Employer cites 'reckless action' and 'disregard for safety'
A recent arbitration proceeding in Alberta dealt with a case involving a bus driver who allegedly endangered his clients’ safety after intentionally stepping on the brakes all while his passengers were still standing.
In his defense, the worker said that he did not perform a “hard brake” and was only running slowly, contrary to what his clients were arguing.
The worker worked for Diversified Transportation as a professional driver responsible for picking up drivers at the company’s site and transporting them to specific locations in Northern Alberta. The business is mainly in the oil and gas industry and clients include companies such as Suncor, IPL, Dow Chemicals and Syncrude.
One fateful day, when he came to pick up his clients, the worker specifically recalled telling them, “Guys, I am ready, please get in your seat” three times. Yet, two passengers were busy talking to other people and did not respond to the driver’s warning.
During that time, the driver said that he released the parking brake causing the bus to roll forward, going only one or two kilometers at most. “He denied it was a hard brake, however, noted that the brakes are very sensitive,” the decision said.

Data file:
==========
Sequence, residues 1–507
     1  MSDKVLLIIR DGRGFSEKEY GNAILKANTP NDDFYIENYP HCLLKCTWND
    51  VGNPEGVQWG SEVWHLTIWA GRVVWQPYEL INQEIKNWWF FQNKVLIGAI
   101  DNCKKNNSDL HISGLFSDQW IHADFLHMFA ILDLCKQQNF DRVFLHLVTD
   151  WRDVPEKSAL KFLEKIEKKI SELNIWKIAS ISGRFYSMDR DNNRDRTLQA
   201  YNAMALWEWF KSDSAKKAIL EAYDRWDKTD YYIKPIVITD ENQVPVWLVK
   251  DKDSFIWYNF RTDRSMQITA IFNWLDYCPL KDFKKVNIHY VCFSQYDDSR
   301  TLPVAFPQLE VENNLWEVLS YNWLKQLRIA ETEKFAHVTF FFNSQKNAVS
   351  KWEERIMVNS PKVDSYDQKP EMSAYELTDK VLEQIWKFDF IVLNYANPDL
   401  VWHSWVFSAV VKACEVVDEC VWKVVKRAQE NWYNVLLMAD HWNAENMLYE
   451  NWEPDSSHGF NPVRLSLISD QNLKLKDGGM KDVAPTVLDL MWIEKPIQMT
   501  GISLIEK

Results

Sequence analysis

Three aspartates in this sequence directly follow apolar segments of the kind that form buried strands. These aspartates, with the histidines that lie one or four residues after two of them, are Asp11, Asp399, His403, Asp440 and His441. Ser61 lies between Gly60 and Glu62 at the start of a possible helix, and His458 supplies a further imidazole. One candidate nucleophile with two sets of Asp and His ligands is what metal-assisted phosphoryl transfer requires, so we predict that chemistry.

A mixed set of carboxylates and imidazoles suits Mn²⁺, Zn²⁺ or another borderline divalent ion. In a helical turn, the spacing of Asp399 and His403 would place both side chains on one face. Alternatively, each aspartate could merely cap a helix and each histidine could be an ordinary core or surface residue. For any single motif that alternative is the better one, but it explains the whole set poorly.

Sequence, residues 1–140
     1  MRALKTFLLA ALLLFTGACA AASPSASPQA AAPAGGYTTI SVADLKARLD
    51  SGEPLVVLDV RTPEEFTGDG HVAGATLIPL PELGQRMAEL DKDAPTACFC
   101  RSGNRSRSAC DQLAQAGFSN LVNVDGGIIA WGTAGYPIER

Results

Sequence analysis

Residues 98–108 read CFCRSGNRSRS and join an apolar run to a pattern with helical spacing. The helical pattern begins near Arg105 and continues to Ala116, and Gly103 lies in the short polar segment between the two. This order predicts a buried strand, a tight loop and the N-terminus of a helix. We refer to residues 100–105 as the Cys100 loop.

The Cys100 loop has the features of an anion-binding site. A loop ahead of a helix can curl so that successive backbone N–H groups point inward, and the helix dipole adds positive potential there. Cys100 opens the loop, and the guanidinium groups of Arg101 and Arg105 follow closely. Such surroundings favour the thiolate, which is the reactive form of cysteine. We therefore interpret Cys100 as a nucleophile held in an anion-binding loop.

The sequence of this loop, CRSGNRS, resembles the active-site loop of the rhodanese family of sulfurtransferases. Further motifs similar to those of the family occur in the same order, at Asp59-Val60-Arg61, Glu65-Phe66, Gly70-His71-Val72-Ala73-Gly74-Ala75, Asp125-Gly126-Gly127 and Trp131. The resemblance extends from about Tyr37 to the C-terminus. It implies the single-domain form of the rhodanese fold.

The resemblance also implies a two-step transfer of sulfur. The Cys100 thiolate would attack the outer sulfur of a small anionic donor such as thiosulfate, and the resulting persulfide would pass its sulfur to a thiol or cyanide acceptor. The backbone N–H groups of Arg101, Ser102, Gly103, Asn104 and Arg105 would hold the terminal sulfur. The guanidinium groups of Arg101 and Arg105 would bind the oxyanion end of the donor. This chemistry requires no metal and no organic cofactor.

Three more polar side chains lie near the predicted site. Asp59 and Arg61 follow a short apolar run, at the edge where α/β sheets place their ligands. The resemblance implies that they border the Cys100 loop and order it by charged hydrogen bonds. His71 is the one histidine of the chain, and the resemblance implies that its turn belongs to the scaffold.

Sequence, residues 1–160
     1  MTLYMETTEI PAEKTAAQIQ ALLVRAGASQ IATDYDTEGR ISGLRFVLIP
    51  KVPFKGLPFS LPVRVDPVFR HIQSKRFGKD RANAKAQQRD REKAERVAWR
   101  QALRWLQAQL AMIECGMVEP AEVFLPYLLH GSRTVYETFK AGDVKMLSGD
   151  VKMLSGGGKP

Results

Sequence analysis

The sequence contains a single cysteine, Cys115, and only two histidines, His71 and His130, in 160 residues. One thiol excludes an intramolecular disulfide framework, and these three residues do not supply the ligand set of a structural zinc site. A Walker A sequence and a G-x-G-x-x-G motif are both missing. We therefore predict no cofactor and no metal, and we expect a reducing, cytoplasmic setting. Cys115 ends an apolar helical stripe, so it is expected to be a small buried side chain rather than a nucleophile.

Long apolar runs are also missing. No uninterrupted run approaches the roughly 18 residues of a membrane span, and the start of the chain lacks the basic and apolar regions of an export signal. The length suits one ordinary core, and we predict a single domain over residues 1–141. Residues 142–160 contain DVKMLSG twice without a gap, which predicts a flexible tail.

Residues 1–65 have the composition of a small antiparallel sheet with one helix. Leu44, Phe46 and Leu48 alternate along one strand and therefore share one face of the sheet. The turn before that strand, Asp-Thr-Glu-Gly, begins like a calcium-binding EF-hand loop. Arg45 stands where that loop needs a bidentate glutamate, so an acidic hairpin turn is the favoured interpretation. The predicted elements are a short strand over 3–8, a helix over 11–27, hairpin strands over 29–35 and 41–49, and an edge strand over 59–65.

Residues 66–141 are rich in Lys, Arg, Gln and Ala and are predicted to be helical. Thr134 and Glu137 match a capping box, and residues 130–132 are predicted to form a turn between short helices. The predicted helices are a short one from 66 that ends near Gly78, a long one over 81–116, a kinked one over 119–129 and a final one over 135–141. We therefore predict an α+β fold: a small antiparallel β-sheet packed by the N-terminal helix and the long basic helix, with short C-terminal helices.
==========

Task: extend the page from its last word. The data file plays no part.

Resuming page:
The incident, however, resulted in the injuries of two passengers, and, ultimately, the worker’s conduct led to his dismissal.
The employer noted that it decided to dismiss the worker based on his reckless action and complete disregard for his own safety and the safety of his passengers.
It further argued that “as a direct result of his poor judgement there were significant consequences for the passengers on the bus and the potential for economic and reputational risk,” according to the arbitrator.
Moreover, the employer argued that the worker’s version of the incident was too inconsistent to be deemed credible as six of the passengers in the vehicle, who were all professional drivers, were confident that the worker indeed engaged in a “hard” and abrupt break risking the safety of his passengers.
After careful examination, the arbitrator decided to uphold the dismissal of the worker as it found the worker’s actions as “deliberate” and made with “extremely poor judgment.”
What is apparent in the case, according to the decision, is the fact the worker moved the bus, which he should not have allowed as several passengers were still standing. The arbitrator was also satisfied that the worker applied a hard brake during the incident.
“The fact this incident occurred with a bus full of diversified drivers underscores the importance of messaging, accountability, and consistency,” the decision said.
“The employer cannot be seen to allow blatant safety infractions to go unaddressed, particularly when it resulted in a significant injury to a co-worker,” it added, noting that the employer’s action to dismiss the worker was reasonable and just.